Jurassic World, the latest addition to the Jurassic Park franchise, premiered last summer and featured Chris Pratt as Owen Grady and Bryce Dallas Howard as Claire Dearing. The film is set 22 years after the events of Jurassic Park, at a successful dinosaur-ridden resort called Jurassic World. Owen, who has been researching the park's Velociraptors, must save Claire, the park's operations manager, and her nephews when the fearsome dinosaur Indominus rex escapes its exhibit.
Now, an exhibition based on the box office hit is coming to Philadelphia, and it will give visitors a real behind-the-scenes look at the world of Jurassic Park, thanks to some terrifying animatronic friends named Tyrannosaurus rex, Velociraptor, and Brachiosaurus.
As reported by EW, the exhibit, which originated in Melbourne, Australia, will come to the U.S. through Philadelphia's Franklin Institute. The Institute frequently features scientific programming and exhibits, including one entitled The Science Behind Pixar. The following excerpt from their website describes the exhibition:
Created in close collaboration with renowned paleontologist Jack Horner, the Exhibition is infused with interactive educational elements—drawn from the real-world science of dinosaur DNA that allowed Jurassic World to come to life. Visitors of all ages can now learn all about these incredible prehistoric creatures.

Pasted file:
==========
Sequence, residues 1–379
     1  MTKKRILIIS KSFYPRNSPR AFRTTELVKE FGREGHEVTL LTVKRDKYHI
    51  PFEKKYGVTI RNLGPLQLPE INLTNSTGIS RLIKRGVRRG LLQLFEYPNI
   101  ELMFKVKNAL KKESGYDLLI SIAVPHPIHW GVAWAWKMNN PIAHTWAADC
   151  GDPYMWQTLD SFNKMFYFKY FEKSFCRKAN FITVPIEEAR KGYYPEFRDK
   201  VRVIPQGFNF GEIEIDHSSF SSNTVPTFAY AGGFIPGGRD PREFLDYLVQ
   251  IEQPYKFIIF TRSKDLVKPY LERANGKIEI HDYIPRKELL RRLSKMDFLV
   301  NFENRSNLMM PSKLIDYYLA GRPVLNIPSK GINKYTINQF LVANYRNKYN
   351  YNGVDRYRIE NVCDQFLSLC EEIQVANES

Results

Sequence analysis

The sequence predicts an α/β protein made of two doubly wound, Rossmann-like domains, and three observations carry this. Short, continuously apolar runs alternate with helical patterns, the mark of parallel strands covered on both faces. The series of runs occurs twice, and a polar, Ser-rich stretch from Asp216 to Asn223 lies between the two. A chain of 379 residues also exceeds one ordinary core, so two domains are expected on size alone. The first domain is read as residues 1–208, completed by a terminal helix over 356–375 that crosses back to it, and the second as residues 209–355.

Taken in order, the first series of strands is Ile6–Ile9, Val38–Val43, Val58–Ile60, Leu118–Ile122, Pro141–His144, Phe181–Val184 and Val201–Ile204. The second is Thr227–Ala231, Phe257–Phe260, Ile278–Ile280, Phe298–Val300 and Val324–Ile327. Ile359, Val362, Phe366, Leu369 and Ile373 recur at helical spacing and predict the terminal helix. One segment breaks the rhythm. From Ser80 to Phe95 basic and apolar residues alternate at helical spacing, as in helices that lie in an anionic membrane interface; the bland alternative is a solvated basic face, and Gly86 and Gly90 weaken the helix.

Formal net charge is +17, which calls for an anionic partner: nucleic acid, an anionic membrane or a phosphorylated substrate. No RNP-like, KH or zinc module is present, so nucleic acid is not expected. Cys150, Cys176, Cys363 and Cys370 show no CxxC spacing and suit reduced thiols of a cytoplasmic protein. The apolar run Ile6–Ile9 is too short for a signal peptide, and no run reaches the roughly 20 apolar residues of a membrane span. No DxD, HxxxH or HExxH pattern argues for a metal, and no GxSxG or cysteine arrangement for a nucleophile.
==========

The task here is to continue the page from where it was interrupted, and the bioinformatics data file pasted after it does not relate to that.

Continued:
Though Jurassic World did implement some CGI in the creation of its dinosaurs, the film mainly stayed true to its predecessors' use of animatronics. Stan Winston, who designed the original animatronic dinosaurs used in Jurassic Park, died in 2008, so his colleagues at Legacy Effects took over for this latest installment. Creature Technology Company designed the dinosaurs for Jurassic World: The Exhibition, with help from Jack Horner, the film's paleontological adviser.
This exhibition seems like it could offer a level of scientific integrity not often seen in movie-inspired exhibitions. Though the exact scientific purpose of the giant robots is still unclear, the dinosaurs will allow people of all ages to see what it would be like to stand before one of the prehistoric beasts. It's possible visitors will be lucky enough to learn more about the making of the film itself, and what goes into creating creatures like those made by Legacy Effects. Whether fans will gain insight into the world of the film, which received mixed-to-good reviews, remains to be seen. Still, it's definitely something to check out during the wait for Jurassic World 2.
Jurassic World: The Exhibition comes to The Franklin Institute for a limited engagement from Nov. 25 through Spring 2017. Tickets go on sale Sept. 10 through the Institute's website.